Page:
Translations and Collaborators @ BYOB Party in March 2018 (Part 3)
Amruta loves translations and she often mentions how difficult it is to get a good translation. There are several translations available but most of the books have a transliterative approach. “A good translation is the second original,” she said. The BYOB Party at IISc had heated debates about the effectiveness of translation. Fakir Mohan Senapati’s classic Oriya novel Six Acres and a Third is a brilliant translation. This relevantly unknown author changed the course of Odiya literature. To understand the scope of his writing, Amruta offered a comparison that every Indian could identify with – Fakir Mohan Senapati is to Odiya literature what Tagore is to Bengali literature. The plot of the story is layered and revolves around an evil landlord Ramachandra Mangarag. What makes Senapati’s novel ‘s style close to that of magical realism, although it is a realist novel, is the alternating perspectives he uses, including that of the horse, the villager and the foot-soldier. He uses the second person to bring the reader into the conversation; so reading this classic becomes exciting and far from the tedious experience that many people described reading classics engendered. His satirical verve makes the story a joy to read. The book talks about British colonialism; the naivety of the general public; the problem of power, wealth and ownership; linguistic relevance and Oriya cultural presence.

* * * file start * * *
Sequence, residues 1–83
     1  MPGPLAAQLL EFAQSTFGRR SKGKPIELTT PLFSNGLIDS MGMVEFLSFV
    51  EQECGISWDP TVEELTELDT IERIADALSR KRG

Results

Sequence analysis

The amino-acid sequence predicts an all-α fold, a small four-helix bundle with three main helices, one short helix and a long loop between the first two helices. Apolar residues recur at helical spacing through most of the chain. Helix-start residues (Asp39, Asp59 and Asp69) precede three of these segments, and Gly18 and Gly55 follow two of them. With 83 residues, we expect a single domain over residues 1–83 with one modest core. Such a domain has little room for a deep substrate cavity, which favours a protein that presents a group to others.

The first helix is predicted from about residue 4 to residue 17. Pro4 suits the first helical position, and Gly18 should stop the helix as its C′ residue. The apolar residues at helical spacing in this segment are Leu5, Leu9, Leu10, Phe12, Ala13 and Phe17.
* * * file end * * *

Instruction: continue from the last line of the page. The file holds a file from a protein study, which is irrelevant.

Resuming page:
It was also interesting to read about this unknown literary genius and the reason behind his name is a story in itself. If you wonder how Senapati became Fakir, read this review in The Hindu.
Apurba was greatly saddened while reading The Collaborator by Mirza Waheed. This autobiographical account of Kashmir in the 1990s tells the tale of a Gujjar village, the relevant absence of religious fundamentalism until much later and how jingoism is irrelevant to ordinary people. In fact, everyone is merely trying to lead a simple life. The army man too is trying to do his job. Even militancy grows like a tumor; the way it changes one’s mind is a cumulation of various causes and effects. The discussion veered to the presence of violence and the people who really suffer, ordinary people who do not want to lose their families to futile violence. Here’s a brilliant review of this book by Kamila Shamsie.
You can read an interview with the author here.
More books in Part 4.